The biggest election issue for Millennials
WHEN Millennials go to the ballot box to elect the nation's next leader the single biggest issue that will affect their vote is the cost of living, according to a YouGov Galaxy poll, conducted exclusively for News Corp Australia.
Millennials ranked tax as the second biggest issue affecting their choice on May 18.
And it's not only Millennials - the generation of voters aged 18-34 years - for whom cost of living is the key issue.
The poll found that 58 per cent of all respondents would cast their vote based on cost of living considerations.
Among the millennial age group, some of whom would be voting for the first time, 64 per cent said cost of living would influence their vote, followed by 38 per cent saying tax was the issue and 36 per cent said health spending.
Negative gearing changes and the controversial issue of superannuation franking credits ranked low for Millennials as did Labor's electric car policy.
There are almost 4.4 million Millennials enrolled to vote on May 18 but when it comes to the leaders, Millennials were not terribly impressed.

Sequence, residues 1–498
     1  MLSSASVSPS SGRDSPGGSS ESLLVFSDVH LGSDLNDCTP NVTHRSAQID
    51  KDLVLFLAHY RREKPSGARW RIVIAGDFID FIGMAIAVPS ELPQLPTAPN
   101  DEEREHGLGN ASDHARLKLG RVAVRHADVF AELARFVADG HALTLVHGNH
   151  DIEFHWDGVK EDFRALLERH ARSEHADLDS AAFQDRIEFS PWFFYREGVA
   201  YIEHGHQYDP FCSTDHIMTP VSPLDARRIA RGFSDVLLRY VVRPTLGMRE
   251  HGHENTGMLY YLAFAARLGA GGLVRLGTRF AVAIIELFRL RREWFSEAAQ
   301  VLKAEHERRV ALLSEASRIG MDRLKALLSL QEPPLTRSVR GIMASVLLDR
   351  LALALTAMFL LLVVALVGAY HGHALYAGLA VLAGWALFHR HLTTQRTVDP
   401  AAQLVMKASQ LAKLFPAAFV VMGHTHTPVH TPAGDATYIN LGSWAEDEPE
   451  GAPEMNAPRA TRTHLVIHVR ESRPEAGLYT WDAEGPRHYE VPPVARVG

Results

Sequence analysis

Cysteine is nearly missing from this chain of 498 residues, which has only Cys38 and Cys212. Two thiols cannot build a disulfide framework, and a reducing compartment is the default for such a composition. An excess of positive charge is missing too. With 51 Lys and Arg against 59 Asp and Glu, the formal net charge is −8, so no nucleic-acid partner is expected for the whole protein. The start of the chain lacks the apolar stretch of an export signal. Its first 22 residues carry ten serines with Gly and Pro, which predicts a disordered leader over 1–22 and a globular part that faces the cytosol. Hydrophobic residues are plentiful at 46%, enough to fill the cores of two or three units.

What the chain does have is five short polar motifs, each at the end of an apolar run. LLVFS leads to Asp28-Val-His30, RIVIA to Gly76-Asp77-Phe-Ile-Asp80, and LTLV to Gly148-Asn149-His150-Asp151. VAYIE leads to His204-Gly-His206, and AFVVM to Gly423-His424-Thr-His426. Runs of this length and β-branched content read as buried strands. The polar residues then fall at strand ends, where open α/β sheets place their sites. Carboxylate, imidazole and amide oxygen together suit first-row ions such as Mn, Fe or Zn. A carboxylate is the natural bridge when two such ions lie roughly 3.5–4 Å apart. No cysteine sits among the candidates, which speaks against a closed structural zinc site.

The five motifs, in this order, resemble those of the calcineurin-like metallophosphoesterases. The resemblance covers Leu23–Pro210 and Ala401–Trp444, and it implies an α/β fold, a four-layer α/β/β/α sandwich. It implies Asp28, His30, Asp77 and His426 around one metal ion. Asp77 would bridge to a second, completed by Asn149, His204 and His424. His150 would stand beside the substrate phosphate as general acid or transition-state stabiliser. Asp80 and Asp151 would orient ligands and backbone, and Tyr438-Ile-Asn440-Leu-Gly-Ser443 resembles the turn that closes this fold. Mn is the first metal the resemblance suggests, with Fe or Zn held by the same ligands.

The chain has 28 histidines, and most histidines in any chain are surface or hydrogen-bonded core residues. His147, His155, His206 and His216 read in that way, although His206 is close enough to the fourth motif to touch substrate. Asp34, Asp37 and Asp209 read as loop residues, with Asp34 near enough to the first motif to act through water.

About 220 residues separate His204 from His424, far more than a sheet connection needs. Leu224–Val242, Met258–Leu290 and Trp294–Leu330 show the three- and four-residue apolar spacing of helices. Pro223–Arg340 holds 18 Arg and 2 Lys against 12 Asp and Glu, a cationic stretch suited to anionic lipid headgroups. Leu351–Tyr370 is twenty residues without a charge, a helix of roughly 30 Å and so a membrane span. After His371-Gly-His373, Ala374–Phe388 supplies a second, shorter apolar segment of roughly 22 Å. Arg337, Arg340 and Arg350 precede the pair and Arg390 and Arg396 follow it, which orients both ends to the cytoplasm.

In regards to Prime Minister Scott Morrison, 33 per cent said he was useless, 31 per cent said selfish and 30 per cent said he was arrogant and untrustworthy.
Just 20 per cent said Morrison was trustworthy and another 21 per cent said he was well-intentioned.
When asked about Opposition Leader, Bill Shorten, the results were not too different. Untrustworthy was used by 32 per cent, while 28 per cent said he was useless and 26 per cent said arrogant. Twenty-nine per cent said he was well-intentioned.
When it came to the minor parties, Millennials thought Pauline Hanson was dangerous (42 per cent) and untrustworthy (46 per cent); Clive Palmer garnered 38 per cent for untrustworthiness.
Millennials also had strong views on which politicians are a liability or an asset to their party.
Former Prime Minister Tony Abbott is, according to 55 per cent of Millennials, a liability to the Coalition.
But one-quarter of voters surveyed in the age group didn't know if Abbott was an asset or liability.
In regards to current Prime Minister Scott Morrison, 46 per cent of Millennials described him as a liability, 28 per cent said he was an asset to the party and another 27 per cent didn't know.
For Labor Leader, Bill Shorten, Millennials were evenly divided on him being an asset and a liability - 35 per cent opted for each one, while 29 per cent didn't know.
Almost half of the Millennials surveyed said former PM Malcolm Turnbull is a liability.
The result was similar for former Nationals Leader Barnaby Joyce.